Jillian Harris hands her blog over to Indigenous star Shayla Stonechild for Canada Day

By Zach Harper

In an effort to highlight Indigenous issues and encourage the reconciliation process, Jillian Harris handed her blog over to Indigenous influencer, APTN personality and yoga instructor Shayla Stonechild on July 1.

Shayla is Cree and lives in Vancouver, which is also the unceded territory of the Musqueam, Squamish and Tsleil-Waututh people. She co-hosts APTN's Red Earth Uncovered with Tom Jackson of North of 60 fame. The program examines archaeological discoveries and uses them as a lens for Indigenous histories in this country. Shayla also runs the Matriarch Movement, which helps Indigenous women by using meditation, yoga and medicine.

In introducing Shayla, Jillian pointed out most of us look forward to Canada Day as a day off. That July 1 falls early in the summer means lots of us look at it as an opportunity to have a barbecue, relax around a pool or go to the beach. But not all of us experience the day the same, and the anniversary of Confederation can be a difficult day for the Indigenous peoples of these lands, she pointed out.

"In trying to be more inclusive and diverse I think it's really important to research and learn why we celebrate certain holidays," she wrote. (The italics are her own.) "As Canadians, it's important that when we are celebrating our country's roots that we are also celebrating the land we are on and the people that were here before us."

In her essay on Jillian's blog, Shayla encouraged people to spend July 1 taking the time to "educate [themselves] on our history as a country and the relationship between Canada and the Indigenous people." She also asked readers to think about what reconciliation means to them, what they're doing to advance it and ways they can get involved.

"Reclaiming our roots requires an uncovering of the darker truths that we have been suppressing – personally and collectively," she wrote, pointing out that anti-Black racism and the ongoing systemic inequalities Indigenous peoples face in Canada are connected. "An acceptance and acknowledgement of our shadow side as a country – which has been woven with patriarchy, white supremacy and genocide against Indigenous People. Canada has been here for 153 years; Indigenous people have been here since time immemorial."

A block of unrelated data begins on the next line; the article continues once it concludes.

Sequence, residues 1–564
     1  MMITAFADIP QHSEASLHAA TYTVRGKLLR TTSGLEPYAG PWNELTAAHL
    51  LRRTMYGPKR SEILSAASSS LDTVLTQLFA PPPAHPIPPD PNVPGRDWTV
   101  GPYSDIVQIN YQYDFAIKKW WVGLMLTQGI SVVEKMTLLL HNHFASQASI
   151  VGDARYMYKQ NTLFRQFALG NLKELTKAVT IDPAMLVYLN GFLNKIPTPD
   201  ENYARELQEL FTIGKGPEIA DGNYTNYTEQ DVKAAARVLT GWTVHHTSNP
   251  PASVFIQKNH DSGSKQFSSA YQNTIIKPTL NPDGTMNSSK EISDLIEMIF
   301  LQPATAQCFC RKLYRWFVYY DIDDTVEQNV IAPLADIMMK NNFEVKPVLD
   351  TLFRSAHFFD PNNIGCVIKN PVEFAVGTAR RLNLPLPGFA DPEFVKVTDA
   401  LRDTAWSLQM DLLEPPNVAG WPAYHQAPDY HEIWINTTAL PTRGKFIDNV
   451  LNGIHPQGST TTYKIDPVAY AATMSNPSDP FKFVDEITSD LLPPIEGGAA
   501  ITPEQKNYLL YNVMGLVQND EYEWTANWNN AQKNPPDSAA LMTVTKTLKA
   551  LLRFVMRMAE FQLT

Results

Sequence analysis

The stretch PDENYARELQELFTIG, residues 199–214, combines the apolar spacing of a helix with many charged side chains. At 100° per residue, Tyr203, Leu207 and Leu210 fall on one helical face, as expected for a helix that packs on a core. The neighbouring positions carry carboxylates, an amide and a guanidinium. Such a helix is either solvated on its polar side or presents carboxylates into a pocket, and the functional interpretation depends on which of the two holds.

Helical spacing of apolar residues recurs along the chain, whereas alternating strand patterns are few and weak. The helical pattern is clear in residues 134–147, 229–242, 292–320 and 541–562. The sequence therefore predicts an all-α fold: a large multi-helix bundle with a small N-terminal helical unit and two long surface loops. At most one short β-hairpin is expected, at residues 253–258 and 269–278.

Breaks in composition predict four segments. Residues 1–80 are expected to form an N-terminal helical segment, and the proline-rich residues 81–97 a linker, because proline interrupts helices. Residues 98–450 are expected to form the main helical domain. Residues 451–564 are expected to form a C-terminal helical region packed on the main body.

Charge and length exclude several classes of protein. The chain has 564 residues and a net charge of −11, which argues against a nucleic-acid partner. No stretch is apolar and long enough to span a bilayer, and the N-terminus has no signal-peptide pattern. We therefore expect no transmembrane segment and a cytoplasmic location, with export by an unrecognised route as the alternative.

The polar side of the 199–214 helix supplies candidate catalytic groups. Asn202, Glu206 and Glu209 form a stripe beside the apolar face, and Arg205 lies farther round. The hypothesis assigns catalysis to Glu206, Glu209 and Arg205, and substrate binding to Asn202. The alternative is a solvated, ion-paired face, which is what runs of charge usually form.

She went on to say what Canada Day means to her as an Indigenous person. Unlike many Canadians, she wrote that her relationship with July 1 is difficult because it brings up "broken promises" regarding treaties, residential schools, genocide, "the unearthing of our Mother [Ear and the ongoing murders of Indigenous women, girls and two-spirit people.

"We must become aware of our own biases and the ways we have been harmed or have caused one another harm," she continued. "When you begin to view racism as a virus and white supremacy, the patriarchy and genocide as the symptoms, you begin to have a more objective view, which creates more understanding for one another's experience. You begin to uncover the root of the problem. You realize that there can be two different versions of truths and several realities going on; depending on one's own intention, perception and belief system."

Shayla said there is a "shift" starting to happen in Canadian society, which we can see with the Black Lives Matter protests and that it's important to lean in to the uncomfortable feelings that come up during this time instead of running away from them.

"We cannot heal the darker aspects of our humanity before we discover these aspects that may have been perpetuated or activated within ourselves," she continued. "When we can look past the polarity of us vs. them and witness someone else's suffering as a part of our own – this will allow us to also see another's life as one of our own. We must grieve the loss of our own humanity and reclaim what it means to be human. This does not mean spiritually bypassing it or pretending that one another's experiences or feelings are not valid or do not exist."

Shayla also included some reading material on Indigenous history, along with links to the Truth and Reconciliation Commission's report on residential schools and its calls to action for reconciliation and the final report of the national inquiry into missing and murdered Indigenous women and girls. She encouraged readers to donate to Indigenous organizations to help further reconciliation.

"It is an invitation for deep listening, learning and unlearning. It requires a turning towards everything that we have been desperately trying to run away from. An acceptance of it all – the grief, the sadness, the confusion, the guilt, the shame. It is through an acceptance where we can begin to process our emotions, reflect on our past, rewire within the present and then come together to reunite. The same energy it takes for destruction is the same energy it takes to birth creation. To breathe a new way of being, a new way of seeing and a new way of living. We are our own medicine, however, we are also each other's medicine. We must reclaim our humanity and our relationship to one another and the world around us. This is not a moment in history, this is a movement. How do you want to be remembered?"

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